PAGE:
Additionally, the forfeiture notice provision of the original indictment has been expanded to include the following assets which the government intends to forfeit as proceeds/property derived from their alleged illegal activity: 12 pieces of real estate including the defendants’ Kemah residence and both of their clinics, 32 investment accounts, 23 bank accounts and the $1.5 million in cash seized from the defendants’ home and safe deposit boxes for a total of $31 million.

The court has ordered the Sharmas, who are free on bond, to appear in federal court on Aug. 21, 2009, for arraignment on the new charges.

Upon conviction, health care fraud carries a maximum penalty of 10 years in a federal prison and a $250,000 fine. The fraud conspiracy charge and the mail fraud counts each carry a maximum penalty of 20 years in a federal prison and a $250,000 fine. The drug conspiracy and the 10 Schedule III drug distribution counts carry a penalty of five years imprisonment and a $250,000 fine. The three new Schedule II drug distribution counts carry a penalty of 20 years imprisonment and a $1 million fine. The money laundering conspiracy and the individual money laundering counts carry a maximum penalty from 10 to 20 years and a fine of $250,000 to $500,000.

The criminal charges are the result of a joint investigation being conducted by agents of the FBI, Drug Enforcement Administration, the Department of Health and Human Services-Office of Inspector General and the Medicare Fraud Control Unit of the Texas Attorney General’s Office in conjunction with the Webster, League City and Baytown Police Departments. The case will be prosecuted by Assistant United States Attorney Al Balboni.

Former Bordentown, NJ car dealership owner arrested on bank fraud charges August 10, 2009

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I actually had a case like this, just on a smaller scale; but still involving a ton of money.  My client ran a small dealership and became in debt to a several customers.  My client called me at the first sign of trouble and as a result, law enforcement never called.  We just worked everything out. In this case, it sounds like everything just went out of control.

 This is one of those cases where you have to look into her personal finances and determine if he is just a bad businessman who got in over his head or a greedy scammer who thought he could just get away with it. With a nice house on the water, he certainly wasn’t living a frugal lifestyle on the surface.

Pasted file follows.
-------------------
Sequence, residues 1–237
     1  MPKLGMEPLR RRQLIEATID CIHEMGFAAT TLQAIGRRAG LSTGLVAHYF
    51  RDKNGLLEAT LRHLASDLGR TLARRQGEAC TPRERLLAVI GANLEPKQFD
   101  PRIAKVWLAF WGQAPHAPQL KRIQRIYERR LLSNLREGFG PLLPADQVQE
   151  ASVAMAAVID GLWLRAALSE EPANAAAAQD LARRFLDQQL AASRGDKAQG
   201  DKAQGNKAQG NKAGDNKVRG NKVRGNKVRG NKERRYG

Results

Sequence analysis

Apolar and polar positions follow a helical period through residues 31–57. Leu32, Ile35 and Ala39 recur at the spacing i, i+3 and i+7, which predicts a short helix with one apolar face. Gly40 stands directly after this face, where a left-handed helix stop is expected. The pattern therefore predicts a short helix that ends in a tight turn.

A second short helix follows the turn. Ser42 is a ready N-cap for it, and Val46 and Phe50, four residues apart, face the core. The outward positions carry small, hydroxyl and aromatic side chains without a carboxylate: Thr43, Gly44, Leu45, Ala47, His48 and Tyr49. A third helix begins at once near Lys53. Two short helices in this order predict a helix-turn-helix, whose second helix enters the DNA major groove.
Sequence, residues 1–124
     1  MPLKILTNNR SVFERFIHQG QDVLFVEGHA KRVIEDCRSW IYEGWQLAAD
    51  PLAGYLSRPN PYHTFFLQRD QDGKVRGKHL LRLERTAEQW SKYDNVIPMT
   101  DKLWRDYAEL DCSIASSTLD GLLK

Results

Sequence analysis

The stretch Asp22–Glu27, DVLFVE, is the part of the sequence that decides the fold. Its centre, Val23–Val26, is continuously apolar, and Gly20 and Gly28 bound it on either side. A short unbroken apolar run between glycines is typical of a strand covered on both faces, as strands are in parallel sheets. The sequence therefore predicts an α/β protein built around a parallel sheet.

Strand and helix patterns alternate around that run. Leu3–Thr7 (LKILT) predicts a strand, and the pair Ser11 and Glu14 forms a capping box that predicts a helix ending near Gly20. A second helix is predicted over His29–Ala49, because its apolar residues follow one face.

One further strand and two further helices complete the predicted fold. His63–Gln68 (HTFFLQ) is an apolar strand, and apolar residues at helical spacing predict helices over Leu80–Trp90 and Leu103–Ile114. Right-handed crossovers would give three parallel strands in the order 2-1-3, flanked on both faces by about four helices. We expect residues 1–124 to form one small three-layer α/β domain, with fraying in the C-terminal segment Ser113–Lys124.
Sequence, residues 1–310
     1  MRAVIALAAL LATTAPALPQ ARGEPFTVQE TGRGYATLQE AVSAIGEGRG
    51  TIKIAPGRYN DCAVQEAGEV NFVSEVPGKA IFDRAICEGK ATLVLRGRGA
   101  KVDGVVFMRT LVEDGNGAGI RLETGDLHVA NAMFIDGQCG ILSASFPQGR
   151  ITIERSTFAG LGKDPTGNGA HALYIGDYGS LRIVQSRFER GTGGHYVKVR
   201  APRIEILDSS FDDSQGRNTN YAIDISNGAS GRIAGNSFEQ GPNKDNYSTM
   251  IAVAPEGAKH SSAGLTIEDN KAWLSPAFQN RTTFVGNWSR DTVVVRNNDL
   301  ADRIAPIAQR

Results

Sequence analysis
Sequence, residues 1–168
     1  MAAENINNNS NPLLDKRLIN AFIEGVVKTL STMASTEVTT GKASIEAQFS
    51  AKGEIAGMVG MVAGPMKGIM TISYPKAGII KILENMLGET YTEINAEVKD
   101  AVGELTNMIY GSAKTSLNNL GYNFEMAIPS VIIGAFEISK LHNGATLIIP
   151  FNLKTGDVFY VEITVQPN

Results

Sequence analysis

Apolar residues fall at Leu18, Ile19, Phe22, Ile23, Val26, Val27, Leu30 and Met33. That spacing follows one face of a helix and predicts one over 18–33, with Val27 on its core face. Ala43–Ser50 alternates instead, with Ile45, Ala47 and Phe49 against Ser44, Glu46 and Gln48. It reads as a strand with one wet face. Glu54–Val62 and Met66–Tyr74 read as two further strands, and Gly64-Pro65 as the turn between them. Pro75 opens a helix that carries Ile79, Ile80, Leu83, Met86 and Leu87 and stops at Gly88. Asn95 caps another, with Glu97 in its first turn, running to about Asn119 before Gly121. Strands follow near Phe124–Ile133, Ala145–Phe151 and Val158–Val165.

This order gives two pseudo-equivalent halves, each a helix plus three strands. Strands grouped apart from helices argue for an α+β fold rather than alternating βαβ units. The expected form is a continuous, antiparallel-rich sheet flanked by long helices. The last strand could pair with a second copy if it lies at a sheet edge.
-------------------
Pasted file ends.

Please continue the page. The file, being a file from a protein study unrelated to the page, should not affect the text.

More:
TRENTON – The former operator of a Bordentown car dealership was arrested today on a federal Indictment in connection with his check-kiting scheme that resulted in losses of more than $7 million to banks, Acting U.S. Attorney Ralph J. Marra, Jr., announced.

Denis Kelliher, 39, who resides in both Toms River and Monroe Township, was arrested at his home in Toms River by Special Agents with the FBI and IRS Criminal Investigation early this morning. Kelliher is scheduled to make his first appearance in federal court and be arraigned on the 11-count Indictment today at 1:00 p.m., before U.S. District Court Chief Judge Garrett E. Brown, Jr., in the federal courthouse in Trenton.

On August 6, 2009, a federal grand jury returned the Indictment which charges Kelliher with two counts of bank fraud, one count of wire fraud, and eight counts of money laundering. ccording to the Indictment, Kelliher was the principal operator of Cartec Motors, LLC, (“Cartec”) located on Route 206 in Bordentown, which was in the business of buying and selling both new and used motor vehicles, including recreational vehicles.

The Indictment describes a scheme in which Kelliher attempted to create artificial balances in checking accounts that he controlled, including Cartec accounts at KeyBank, Commerce Bank (now known as TD Bank), 1 his personal account at 1st Constitution, by transferring monies between these accounts.

Kelliher allegedly wrote checks on accounts that he controlled, and deposited these checks into other accounts that he controlled, while knowing there were insufficient funds in the accounts against which the checks were drawn – a scheme commonly known as “check kiting.” The Indictment charges that as a result of the defendant’s check kiting activity, Cartec’s account at KeyBank was overdrawn by more than $6.9 million, and that its account at Commerce was overdrawn by more than $200,000.

In addition, the wire fraud count charges Kelliher in connection with a separate scheme in which he approached a prior Cartec customer for a $410,000 loan purportedly to be used to purchase recreational vehicles for re-sale. The Indictment alleges that Kelliher provided the former customer, identified only as “Victim-1” in the Indictment, with a personal financial statement which claimed that as of Dec. 31, 2008, Kelliher’s net worth exceeded $6.2 million. The Indictment alleges this financial statement was false and that it failed to disclose that, in September 2008, KeyBank obtained a judgment for approximately $27 million against Cartec and Kelliher individually.